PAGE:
Other evidence confirmed Carlisle's testimony. Depositions taken from "Carlisle's co-workers and subordinates" averred that "their jobs as dispatchers and supervisors in the Philadelphia Conrail offices had caused them to suffer cardiac arrests, nervous breakdowns, and a variety of emotional problems such as depression, paranoia and insomnia." Ibid. An official report prepared by the Federal Railway Administration "criticized the outdated equipment and hazardous working conditions at Conrail's Philadelphia dispatching office." Id., at 93. Furthermore, the Court of Appeals pointed out, Carlisle's emotional injury was "accompanied by obvious physical manifestations": "insomnia, fatigue, headaches, . . . sleepwalking and substantial weight-loss." Id., at 97, n. 11, 92. The court specifically noted: "We do not face and do not decide the issue of whether purely emotional injury, caused by extended exposure to stressful, dangerous working conditions, would be compensable under the FELA." Id., at 97, n. 11.
Satisfied that the jury could indeed find Carlisle's injury genuine, and continuing to follow the path it had marked in Gottshall, the court next examined the negligence elements of Carlisle's claim. Emphasizing that "Conrail had ample notice of the stressful and dangerous conditions under which Carlisle was forced to work," including actual notice of physical and emotional injuries sustained by Carlisle's coworkers, 990 F.2d, at 97, the Court of Appeals affirmed the District Court's denial of Conrail's motions for judgment n.o.v. or in the alternative for a new trial. Carlisle's "extended exposure to dangerous and stressful working conditions," the court concluded, constituted a breach of Conrail's duty to provide a safe workplace, and the breach caused Carlisle's injuries. Id., at 97-98.
The Court initially "agree[s] with the Third Circuit that claims for damages for negligent infliction of emotional distress are cognizable under FELA." Ante, at ____. This conclusion, "an easy one" for the Court, ibid., is informed by prior decisions giving full scope to the FELA's term "injury." The Court had explained in Urie that an occupational disease incurred in the course of employment — silicosis in that particular case — is as much "injury . . . as scalding from a boiler's explosion." 337 U.S., at 187, 69 S.Ct., at 1033. Rejecting a reading of the statute that would confine coverage to "accidental injury" of the kind that particularly prompted the 1908 Congress to enact the FELA, the Court said of the occupational disease at issue:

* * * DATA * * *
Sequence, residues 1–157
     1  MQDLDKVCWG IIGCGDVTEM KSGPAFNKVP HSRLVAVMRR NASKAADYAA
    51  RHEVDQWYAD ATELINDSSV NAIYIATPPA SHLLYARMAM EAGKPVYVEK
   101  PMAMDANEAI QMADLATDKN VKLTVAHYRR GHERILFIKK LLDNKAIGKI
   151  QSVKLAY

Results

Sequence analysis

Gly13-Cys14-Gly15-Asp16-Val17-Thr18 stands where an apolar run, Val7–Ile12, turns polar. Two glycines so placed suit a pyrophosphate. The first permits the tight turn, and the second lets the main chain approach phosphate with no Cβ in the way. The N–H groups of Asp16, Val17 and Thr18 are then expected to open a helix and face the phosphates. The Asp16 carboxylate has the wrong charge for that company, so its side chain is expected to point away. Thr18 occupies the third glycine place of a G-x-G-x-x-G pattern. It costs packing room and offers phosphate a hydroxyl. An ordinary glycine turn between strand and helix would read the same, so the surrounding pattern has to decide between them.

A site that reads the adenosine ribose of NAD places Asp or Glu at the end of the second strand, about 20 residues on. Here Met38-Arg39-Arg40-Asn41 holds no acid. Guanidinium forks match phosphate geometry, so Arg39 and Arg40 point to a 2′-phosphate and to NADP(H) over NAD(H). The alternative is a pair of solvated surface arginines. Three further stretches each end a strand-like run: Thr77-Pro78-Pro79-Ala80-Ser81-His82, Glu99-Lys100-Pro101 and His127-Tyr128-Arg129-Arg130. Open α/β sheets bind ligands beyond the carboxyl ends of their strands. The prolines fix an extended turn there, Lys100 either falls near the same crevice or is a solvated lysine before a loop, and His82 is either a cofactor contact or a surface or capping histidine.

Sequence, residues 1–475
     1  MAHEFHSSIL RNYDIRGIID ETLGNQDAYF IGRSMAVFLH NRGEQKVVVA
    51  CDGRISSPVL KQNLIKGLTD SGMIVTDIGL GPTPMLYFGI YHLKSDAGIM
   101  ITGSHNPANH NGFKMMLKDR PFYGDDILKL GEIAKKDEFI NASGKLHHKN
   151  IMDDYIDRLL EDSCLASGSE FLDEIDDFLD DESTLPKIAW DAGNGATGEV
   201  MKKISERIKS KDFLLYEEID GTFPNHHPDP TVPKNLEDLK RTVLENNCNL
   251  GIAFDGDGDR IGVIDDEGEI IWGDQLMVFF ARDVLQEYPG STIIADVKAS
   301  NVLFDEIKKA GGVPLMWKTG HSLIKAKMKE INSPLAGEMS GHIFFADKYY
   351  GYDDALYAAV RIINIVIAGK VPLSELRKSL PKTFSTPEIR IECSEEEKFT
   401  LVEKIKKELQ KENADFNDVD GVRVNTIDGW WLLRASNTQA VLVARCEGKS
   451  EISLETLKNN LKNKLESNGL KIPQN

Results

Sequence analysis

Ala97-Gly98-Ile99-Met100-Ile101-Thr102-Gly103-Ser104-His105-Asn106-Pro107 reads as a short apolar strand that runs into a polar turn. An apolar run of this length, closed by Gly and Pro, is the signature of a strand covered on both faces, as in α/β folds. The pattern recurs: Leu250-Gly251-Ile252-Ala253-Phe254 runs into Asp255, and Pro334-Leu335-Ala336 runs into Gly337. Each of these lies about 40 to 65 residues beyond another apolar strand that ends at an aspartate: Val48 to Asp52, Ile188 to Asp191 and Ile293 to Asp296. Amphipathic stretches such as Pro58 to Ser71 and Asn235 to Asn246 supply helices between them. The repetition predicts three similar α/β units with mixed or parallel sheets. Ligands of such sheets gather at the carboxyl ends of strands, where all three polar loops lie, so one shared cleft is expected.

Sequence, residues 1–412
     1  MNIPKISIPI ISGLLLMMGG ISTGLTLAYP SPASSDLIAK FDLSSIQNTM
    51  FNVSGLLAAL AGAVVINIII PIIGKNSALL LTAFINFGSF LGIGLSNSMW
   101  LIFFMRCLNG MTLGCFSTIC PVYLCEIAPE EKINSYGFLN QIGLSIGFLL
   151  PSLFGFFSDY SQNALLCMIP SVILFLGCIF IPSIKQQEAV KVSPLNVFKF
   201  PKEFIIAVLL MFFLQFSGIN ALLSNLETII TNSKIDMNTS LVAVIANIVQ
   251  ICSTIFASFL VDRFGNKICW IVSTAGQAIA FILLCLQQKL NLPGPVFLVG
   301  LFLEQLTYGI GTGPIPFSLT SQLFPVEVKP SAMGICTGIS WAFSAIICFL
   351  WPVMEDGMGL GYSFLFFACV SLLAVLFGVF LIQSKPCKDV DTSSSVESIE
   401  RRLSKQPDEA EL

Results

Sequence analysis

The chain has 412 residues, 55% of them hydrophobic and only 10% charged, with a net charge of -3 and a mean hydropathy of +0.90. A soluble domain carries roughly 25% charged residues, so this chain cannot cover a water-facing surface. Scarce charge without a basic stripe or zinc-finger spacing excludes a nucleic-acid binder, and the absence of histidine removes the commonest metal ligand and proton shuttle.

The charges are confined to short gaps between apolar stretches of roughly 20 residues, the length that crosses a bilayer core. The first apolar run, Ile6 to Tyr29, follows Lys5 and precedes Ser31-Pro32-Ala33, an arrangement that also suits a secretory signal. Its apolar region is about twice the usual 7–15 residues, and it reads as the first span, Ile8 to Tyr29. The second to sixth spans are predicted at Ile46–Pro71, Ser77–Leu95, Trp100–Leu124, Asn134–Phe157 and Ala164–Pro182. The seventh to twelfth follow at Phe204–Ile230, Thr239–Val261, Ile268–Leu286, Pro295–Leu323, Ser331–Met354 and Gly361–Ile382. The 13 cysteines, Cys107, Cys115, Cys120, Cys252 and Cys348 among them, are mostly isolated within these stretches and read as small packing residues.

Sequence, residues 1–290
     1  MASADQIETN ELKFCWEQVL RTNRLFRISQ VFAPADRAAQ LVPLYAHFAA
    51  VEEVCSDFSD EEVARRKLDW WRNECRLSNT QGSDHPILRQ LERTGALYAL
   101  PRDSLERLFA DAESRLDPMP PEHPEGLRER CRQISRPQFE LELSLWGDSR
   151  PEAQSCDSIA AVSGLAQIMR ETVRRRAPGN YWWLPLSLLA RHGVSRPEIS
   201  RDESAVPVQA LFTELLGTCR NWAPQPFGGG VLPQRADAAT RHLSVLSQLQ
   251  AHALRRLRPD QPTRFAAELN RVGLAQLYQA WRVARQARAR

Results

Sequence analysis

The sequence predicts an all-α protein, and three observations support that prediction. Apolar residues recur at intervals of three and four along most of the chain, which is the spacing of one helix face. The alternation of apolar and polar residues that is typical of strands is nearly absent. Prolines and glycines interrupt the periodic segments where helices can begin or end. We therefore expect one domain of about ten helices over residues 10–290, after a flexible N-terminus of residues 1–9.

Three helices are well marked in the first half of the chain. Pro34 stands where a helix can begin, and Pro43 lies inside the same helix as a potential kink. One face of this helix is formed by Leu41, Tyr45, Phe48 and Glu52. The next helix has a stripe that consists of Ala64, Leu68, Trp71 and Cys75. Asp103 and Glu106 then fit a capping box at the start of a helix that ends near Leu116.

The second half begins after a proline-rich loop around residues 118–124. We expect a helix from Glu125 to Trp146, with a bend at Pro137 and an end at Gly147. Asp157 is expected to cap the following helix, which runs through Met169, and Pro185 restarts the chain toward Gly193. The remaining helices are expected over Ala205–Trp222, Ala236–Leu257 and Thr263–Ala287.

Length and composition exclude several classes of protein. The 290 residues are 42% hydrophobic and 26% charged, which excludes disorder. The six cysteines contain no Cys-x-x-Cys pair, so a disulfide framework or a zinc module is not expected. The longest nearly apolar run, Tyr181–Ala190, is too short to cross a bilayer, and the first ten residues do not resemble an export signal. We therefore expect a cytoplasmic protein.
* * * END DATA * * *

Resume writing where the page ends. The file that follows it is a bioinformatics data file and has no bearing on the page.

"[W]hen the employer's negligence impairs or destroys an employee's health by requiring him to work under conditions likely to bring about such harmful consequences, the injury to the employee is just as great when it follows, often inevitably, from a carrier's negligent course pursued over an extended period of time as when it comes with the suddenness of lightning." Id., at 186-187, 69 S.Ct., at 1032-1033.
Similarly, as the Court recognizes today, " 'severe emotional injuries can be just as debilitating as physical injuries,' " hence there is "no reason why emotional injury should not be held to be encompassed within th[e] term ['injury']." Ante, at ____, quoting Gottshall, 988 F.2d, at 361.
In my view, the Court of Appeals correctly determined that Gottshall's submissions should survive Conrail's motion for summary judgment, and that the jury's verdict in favor of Carlisle should stand. Both workers suffered severe injury on the job, and plausibly tied their afflictions to Conrail's negligence. Both experienced not just emotional, but also physical distress: Gottshall lost 40 pounds and suffered from insomnia, physical weakness and cold sweats, while Carlisle experienced "insomnia, fatigue, headaches, . . . sleepwalking and substantial weight-loss." Id., at 374; 990 F.2d, at 92, 97, n. 11. The Court emphasizes the "significant role" that "common-law principles must play." Ante, at ____. Notably in that regard, both Gottshall and Carlisle satisfy the "physical manifestation" test endorsed by the Restatement of Torts. See supra, at ____, ____; see also W. Keeton, D. Dobbs, R. Keeton, and D. Owen, Prosser and Keeton on the Law of Torts 364 (5th ed. 1984) ("the great majority of courts have now repudiated the requirement of 'impact,' regarding as sufficient the requirement that the mental distress be certified by some physical injury, illness or other objective physical manifestation"); id., at 364, n. 55 (citing cases). Thus, without gainsaying that "FELA jurisprudence gleans guidance from common-law developments," Buell, 480 U.S., at 568, 107 S.Ct. at 1417, one can readily conclude that both Gottshall and Carlisle have made sufficient showings of "injuries" compensable under the FELA.3